Today is Rainbow Bridge Remembrance Day.
The first dog that I fell in love with was Sabrina. My parents brought her home right around my 10th birthday, so I always felt like she was a special present for me. She was a beautiful Malamute that made quite an impression on my family. She gave us endless stories that still bring us laughs when we reminisce.
She was impossible to contain and she constantly escaped the yard to roam the neighborhood, leaving mischief and mayhem in her wake. She broke into multiple houses through doggie doors, doors left ajar, sliding doors that she could pull open and screen doors that she could push through. She knew when it was feeding time nearby and stole many meals from less assertive dogs. She ate one woman’s make-up, coming home with lipstick all over her face. My mother answered many phone calls from disgruntled neighbors. She hunted skunks and would bring them home and curl up with them in her dirt hole. She smelled like skunk for months on end, we could never fully get the smell out before she would bring home another. She preferred to be outside, especially in the winter. We had her sleep inside but she let us know that she found it way too hot and would be happier in the yard. I can’t imagine how much trouble she would have caused if she wasn’t in the house at least some of the time! She was one of kind and I will never forget her.Bogart was my husbands bachelor dog and easily adapted to our growing and changing family. He was so gentle but also had a talent for escaping and getting into things. I wrote about him on National Mutt Day, you can read more about him here.When we moved into our current house, there were two Newfoundlands in the neighborhood that I noticed while out for their daily walk. I thought they were the most beautiful dogs I’d ever seen and after meeting and talking to their owners, I just knew that was the breed for me.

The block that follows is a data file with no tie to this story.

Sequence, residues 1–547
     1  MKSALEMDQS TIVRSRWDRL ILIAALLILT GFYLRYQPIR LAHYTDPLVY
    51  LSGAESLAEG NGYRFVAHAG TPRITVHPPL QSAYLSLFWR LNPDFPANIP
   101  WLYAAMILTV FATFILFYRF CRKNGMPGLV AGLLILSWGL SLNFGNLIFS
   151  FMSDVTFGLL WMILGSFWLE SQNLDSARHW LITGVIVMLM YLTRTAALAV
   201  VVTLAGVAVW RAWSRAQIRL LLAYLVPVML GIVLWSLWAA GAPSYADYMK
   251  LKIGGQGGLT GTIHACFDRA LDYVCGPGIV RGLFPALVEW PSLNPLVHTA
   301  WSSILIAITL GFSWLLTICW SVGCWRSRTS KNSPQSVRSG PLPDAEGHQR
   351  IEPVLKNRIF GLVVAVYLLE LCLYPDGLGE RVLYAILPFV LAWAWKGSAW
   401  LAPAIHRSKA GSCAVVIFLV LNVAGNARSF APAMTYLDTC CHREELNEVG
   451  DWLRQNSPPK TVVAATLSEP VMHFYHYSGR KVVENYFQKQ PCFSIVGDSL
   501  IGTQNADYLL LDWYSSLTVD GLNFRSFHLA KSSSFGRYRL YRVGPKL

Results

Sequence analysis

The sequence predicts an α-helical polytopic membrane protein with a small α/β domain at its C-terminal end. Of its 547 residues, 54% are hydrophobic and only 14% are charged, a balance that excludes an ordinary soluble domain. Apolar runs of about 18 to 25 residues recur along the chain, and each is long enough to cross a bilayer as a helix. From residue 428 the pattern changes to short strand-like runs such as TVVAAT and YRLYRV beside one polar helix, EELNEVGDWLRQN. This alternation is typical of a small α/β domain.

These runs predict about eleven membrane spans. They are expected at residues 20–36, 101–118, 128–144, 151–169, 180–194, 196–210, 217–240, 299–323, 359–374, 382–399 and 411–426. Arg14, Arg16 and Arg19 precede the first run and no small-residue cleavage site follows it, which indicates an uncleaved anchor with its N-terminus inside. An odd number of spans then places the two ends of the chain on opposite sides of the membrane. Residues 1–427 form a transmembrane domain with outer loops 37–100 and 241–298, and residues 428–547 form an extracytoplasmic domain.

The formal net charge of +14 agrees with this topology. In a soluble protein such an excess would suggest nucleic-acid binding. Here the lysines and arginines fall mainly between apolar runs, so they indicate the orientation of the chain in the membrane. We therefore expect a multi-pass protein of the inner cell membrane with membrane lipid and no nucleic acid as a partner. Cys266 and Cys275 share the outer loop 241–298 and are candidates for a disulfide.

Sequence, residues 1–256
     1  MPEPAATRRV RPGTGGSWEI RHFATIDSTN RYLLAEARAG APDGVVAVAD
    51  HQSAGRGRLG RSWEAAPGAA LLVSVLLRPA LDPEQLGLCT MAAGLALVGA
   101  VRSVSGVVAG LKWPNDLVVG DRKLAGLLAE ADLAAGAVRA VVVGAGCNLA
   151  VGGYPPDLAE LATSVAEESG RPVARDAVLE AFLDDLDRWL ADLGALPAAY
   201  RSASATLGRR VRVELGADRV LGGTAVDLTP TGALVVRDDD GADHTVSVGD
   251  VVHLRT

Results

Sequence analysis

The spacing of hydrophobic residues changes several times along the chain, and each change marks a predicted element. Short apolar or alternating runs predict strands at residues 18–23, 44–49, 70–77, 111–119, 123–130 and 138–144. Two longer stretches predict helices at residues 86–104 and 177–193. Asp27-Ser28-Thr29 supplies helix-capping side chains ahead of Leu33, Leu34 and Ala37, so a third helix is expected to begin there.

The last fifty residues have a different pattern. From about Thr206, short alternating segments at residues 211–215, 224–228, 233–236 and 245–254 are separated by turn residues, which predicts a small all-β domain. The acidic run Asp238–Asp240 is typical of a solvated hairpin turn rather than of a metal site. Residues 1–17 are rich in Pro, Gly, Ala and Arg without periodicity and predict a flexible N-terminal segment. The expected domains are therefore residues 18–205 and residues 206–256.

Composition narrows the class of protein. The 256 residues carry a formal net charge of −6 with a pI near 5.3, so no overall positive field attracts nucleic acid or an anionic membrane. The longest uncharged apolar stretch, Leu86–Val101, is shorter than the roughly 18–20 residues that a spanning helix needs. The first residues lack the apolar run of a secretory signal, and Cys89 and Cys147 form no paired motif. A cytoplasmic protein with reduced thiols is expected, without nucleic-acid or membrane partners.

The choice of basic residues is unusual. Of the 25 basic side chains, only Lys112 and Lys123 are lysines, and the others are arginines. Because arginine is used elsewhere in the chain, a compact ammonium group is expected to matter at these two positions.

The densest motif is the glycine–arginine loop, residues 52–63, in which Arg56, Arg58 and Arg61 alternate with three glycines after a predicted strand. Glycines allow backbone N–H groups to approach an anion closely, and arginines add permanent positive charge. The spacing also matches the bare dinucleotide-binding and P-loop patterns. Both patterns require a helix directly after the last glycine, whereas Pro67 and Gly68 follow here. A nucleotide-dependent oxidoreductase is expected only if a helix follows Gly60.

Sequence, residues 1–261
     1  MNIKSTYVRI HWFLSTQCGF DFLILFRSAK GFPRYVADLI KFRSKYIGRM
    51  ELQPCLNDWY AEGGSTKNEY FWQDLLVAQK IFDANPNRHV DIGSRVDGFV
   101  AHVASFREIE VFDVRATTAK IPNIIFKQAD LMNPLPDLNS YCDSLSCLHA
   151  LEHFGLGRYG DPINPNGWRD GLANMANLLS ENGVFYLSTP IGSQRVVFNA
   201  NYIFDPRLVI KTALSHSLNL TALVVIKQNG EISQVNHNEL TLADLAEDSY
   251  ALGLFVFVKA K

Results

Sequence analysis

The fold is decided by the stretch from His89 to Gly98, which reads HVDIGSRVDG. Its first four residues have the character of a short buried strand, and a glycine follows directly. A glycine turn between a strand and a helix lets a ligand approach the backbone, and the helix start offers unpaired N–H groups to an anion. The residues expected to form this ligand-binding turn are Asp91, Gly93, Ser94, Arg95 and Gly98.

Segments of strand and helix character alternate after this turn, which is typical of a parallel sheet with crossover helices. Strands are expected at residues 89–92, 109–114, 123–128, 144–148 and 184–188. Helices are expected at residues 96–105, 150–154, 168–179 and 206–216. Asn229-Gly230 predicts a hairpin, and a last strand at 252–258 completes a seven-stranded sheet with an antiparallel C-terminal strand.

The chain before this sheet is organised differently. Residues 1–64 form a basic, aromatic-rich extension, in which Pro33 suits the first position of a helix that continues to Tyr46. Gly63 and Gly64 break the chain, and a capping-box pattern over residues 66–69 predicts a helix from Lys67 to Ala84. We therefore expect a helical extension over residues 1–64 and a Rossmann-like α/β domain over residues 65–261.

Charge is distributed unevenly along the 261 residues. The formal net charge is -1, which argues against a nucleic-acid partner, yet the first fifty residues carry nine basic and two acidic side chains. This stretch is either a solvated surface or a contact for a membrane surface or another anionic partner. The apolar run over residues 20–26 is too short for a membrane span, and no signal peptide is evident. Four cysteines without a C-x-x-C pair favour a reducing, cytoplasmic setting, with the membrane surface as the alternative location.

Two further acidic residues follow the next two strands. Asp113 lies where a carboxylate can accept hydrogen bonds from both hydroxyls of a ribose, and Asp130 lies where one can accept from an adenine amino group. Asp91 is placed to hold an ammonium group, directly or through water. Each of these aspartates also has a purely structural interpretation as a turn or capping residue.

Bailey was my first Newfoundland. I wouldn’t describe her as having the typical Newfie temperament, she was loud, pushy and very domineering. She respected me as the leader of our pack but she treated everyone else (human and canine) as be her underling. I wish I knew then what I know now about training and handling a strong-willed dog. She had the working instinct and she eagerly did her daily job of bringing in the paper. She also loved to carry in the groceries. She would have been a wonderful Water Dog but at that time in my life I was consumed with raising my two young children and I was content to have Bailey as my house companion. I didn’t take her out much, she wasn’t aggressive but she did try to assert herself as boss with other dogs and I wasn’t comfortable taking the risk of meeting another Alpha dog that would challenge her back. She behaved the way I wanted her to in the house and yard and I left it at that. She was the first dog that was all mine and I adored her.Charlie was a Newfoundland/Labrador mix that we adopted several months after we said goodbye to Bogart. Bailey was about a year old and we missed having two dogs. We think he was about three years old when he was found with another small dog in the woods in Tennessee and they were both transported to Illinois by a rescue group. He was very thin when we brought him home and he was always a hunter, I assume because he lived in the wild before he was found. We frequently found dead animals (squirrels, birds, possums and chipmunks) in the yard. He loved to be warm. He would curl up next to radiators and sit as close to the fireplace as he could get. His fur would be hot to the touch, but he would be so content. He tried curling up with Bailey whenever he could but she was always hot and she would “kangaroo leg” him to get him to back off. Bailey constantly bossed him around and he was pretty tolerant of her moods. Occasionally he would let her know that he’d had enough and she would look so offended when he snarled at her. She never really understood why there might be a problem, but they bonded well and depended on each other for the rest of their lives. Charlie curled up by my feet and died 2 weeks after Bailey died and I will always remember them together; they lived together and they died together.After losing Bailey and Charlie, I vowed to never again have two dogs close in age, the heartache was just too much. When Maisie was three years old I found Annie. Her age was presumed to be between 7-9 when she was rescued and she had been in foster care for a year. After doing some internet research on my own, I believe she was 9 1/2 when we adopted her. She was a puppy mill mama that was severely traumatized from years of abuse and neglect but she found a new life after she was rescued and blossomed in the two years that she was a part of our family. The first time I heard the term “heart dog”, I considered all of my dogs as my heart dog, I love them all so much. That was until I met Annie. There was something very different about our bond, probably because she needed me so much and I was driven to show her as much love as possible to make up for all of the years that we didn’t have together. She was very, very special and she changed me. She made me a better person and those two short years were a lifetime for us. She will always be with me, she is my heart dog and I wish I had more time with her.